The Biomedical Sciences Program is based on the National Standards for Science, Mathematics, and English Language Arts, and the Accountability Criteria for National Health Care Cluster Foundation Standards. The program consists of a sequence of four courses: Principles of the Biomedical Sciences, Human Body Systems, Medical Interventions, and Biomedical Innovation.
The goal of the program is to increase the number of students pursuing careers in the biomedical sciences, including healthcare. Students who complete the program are prepared for employment and further education at two- and four- year college levels. Stevenson University, the Maryland PLTW Biomedical Sciences Affiliate University, will offer four (4) transcripted credits for its first semester majors biology course (BIO 113). The credit will be offered for those students who complete the entire PLTW biomed sequence of courses and score at least 80% on each end-of-course assessment.
At the conclusion of the program students will be able to:
- Discuss the education requirements and job responsibilities of multiple careers in the Biomedical Sciences including biotechnology, bioengineering, and healthcare.
- Conduct research using valid sources from the Internet or Library.
- Design and conduct well-controlled scientific experiments.
- Analyze and effectively present data from experiments.
- Write lab reports, research summaries, and modify grant proposals.
- Present information effectively in writing, orally, and using multimedia.
- Work as a member of a team.
- Explain how the human body is a system, consisting of the interconnections of multiple smaller systems including cardiovascular, muscular-skeletal, nervous, digestive, endocrine, immune, and reproductive.
- Explain how DNA codes for proteins and how proteins are produced.
- Build models of multiple types of biological macromolecules, including carbohydrates, proteins, lipids, and nucleic acids, and explain their functions in the body.
- Analyze the relationship between food and energy.
- Discuss how feedback mechanisms and multiple communication methods are used by the cells of the human body.
- Explain why different treatment options or medical interventions are necessary for different types of diseases or medical conditions.
- Describe a variety of medical interventions that prolong life including procedures for the diagnosis, treatment, and prevention of diseases or medical conditions.
- Discuss how societal attitudes affect the development and use of medical interventions.
Prerequisite: Medical Interventions
In this capstone course students design and conduct experiments related to the diagnosis, treatment, and prevention of disease or illness. They apply their knowledge and skills to answer questions or to solve problems related to the biomedical sciences. They may work with a mentor or advisor from a university, hospital, physician’s office, or industry as they complete their work. Students are expected to present the results of their work to an adult audience, which may include representatives from the local healthcare or business community.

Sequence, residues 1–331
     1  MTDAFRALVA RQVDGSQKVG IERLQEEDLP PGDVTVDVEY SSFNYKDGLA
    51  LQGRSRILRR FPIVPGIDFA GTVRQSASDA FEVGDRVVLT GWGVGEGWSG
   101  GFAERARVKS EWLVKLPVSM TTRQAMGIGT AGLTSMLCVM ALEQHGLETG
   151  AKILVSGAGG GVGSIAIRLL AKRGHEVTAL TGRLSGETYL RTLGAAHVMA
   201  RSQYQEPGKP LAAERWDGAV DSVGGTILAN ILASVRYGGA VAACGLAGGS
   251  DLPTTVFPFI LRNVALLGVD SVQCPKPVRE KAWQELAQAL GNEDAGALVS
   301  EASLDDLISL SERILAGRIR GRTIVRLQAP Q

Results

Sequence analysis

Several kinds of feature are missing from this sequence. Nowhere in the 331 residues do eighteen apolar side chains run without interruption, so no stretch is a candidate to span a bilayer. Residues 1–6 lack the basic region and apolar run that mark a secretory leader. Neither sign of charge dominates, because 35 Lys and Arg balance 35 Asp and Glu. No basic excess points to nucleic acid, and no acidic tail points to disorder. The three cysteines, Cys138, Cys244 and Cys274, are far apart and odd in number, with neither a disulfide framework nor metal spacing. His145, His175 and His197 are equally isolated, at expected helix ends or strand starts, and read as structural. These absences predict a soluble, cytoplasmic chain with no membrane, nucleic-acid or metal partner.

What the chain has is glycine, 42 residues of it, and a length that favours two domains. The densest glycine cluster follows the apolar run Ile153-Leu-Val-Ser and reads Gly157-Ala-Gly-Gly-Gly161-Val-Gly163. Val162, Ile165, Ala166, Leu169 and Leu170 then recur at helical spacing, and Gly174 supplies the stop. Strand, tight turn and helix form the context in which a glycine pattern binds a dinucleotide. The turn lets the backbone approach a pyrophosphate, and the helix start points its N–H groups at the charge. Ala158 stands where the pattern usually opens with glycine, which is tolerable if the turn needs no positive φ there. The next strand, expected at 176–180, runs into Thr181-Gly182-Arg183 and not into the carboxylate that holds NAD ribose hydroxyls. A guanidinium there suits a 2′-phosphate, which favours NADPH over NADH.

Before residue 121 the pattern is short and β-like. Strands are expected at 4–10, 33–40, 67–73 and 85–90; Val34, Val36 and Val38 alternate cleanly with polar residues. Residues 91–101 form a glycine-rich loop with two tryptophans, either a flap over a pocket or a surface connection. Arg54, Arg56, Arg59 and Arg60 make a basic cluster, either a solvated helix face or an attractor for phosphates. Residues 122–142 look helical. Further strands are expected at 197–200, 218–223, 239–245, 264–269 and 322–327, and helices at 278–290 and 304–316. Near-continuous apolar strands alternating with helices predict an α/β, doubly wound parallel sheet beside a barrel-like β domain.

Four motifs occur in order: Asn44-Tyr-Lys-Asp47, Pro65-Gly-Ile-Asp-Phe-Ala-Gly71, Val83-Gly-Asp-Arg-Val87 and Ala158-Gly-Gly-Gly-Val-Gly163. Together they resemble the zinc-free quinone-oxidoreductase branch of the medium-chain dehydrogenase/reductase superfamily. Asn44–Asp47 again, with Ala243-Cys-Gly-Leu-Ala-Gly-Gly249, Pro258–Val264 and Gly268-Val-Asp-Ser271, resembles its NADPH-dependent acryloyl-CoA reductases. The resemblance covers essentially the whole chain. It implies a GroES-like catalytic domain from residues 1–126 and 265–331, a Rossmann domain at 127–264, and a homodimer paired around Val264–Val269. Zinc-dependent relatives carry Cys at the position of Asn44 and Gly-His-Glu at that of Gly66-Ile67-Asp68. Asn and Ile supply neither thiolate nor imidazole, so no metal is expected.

Prerequisite: Principles of the Biomedical Science
Students engage in the study of the processes, structures, and interactions of the human body systems. Important concepts in the course include: communication, transport of substances, locomotion, metabolic processes, defense, and protection. Students design experiments, investigate the structures and functions of body systems, and use data acquisition software to monitor body functions such as muscle movement, reflex and voluntary actions, and respiratory operation.
Prerequisite: Human Body Systems
Students investigate the variety of interventions involved in the prevention diagnosis and treatment of disease. The course is a “How-To” manual for maintaining overall health and homeostasis in the body as students explore how to prevent and fight infection, how to screen and evaluate the code in human DNA, how to prevail when the organs of the body begin to fail. Students are exposed to the wide range of interventions related to immunology, surgery, genetics, pharmacology, medical devices and diagnostics. Lifestyle choices and preventive measures are emphasized throughout the course as well the important roles scientific thinking and engineering design play in the development of interventions of the future.
Prerequisite: Acceptance into the program
Student work involves the study of human medicine, research processes and an introduction to bioinformatics. Students investigate the human body systems and various health conditions including heart disease, diabetes, sickle-cell disease, hypercholesterolemia, and infectious diseases. The course is designed to provide an overview of all the courses in the Biomedical Sciences program and to lay the scientific foundation necessary for student success in the subsequent courses.